Monday, October 25, 2021
Thursday, October 21, 2021
For the last 25 years I've listened to the tired argument that Monsanto controls farmer seed choice. Over and over again. Even since the hated seed company has ceased to exist, I still hear the same boring trope.
This is the position of activist groups and their parrots, and others that never actually tried to tell a farmer what they would be allowed to grow on their space.
Farmers choose what is best for their land, their schedule, their budget, input availability, and dozens of other factors. Cotton, corn, soybean canola and sugarbeet growers oftentimes choose genetically engineered seeds containing the traits that serve their production system and support their bottom line.
Farmers control farmer seed choice.
Unless you are a corn farmer in Mexico that wishes to use traited seeds.
Activist groups have decided that Mexican farmers should not have access to the elite corn technology, lines that contain engineered traits to aid in limiting weed pressure and cutting insecticide sprays. Despite farmer demand, activists have now pressured the government into not allowing these resources to be utilized.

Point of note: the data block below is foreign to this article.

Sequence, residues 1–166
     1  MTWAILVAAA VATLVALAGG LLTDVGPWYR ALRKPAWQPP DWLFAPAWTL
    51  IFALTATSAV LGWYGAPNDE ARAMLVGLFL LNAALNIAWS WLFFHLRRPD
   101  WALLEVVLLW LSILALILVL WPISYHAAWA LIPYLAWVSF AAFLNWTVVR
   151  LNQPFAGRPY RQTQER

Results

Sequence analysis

They claim that it is to protect native genetics near corn's center of diversification, but that's just not true.
Farmers will be allowed to use hybrid corn without the GE traits. Those lines are just as likely to outcross with indigenous resources as any GE crop. If you want to preserve indigenous maize genetics, you need to have special programs to do that, and such programs are in place.
This is nothing more than activist groups using pressure to limit the acreage of genetically engineered crops. If that means forcing farmers to choose non-GE hybrids, increasing insecticide use, and returning to aggressive top-soil-sacrificing techniques to manage weeds, that's where they'll be.
I don't ever want to hear any activists whine about companies limiting seed sovereignty.
They are the ones restricting farmer choice to use proven, safe, and efficient genetics to suit the needs of their farms.
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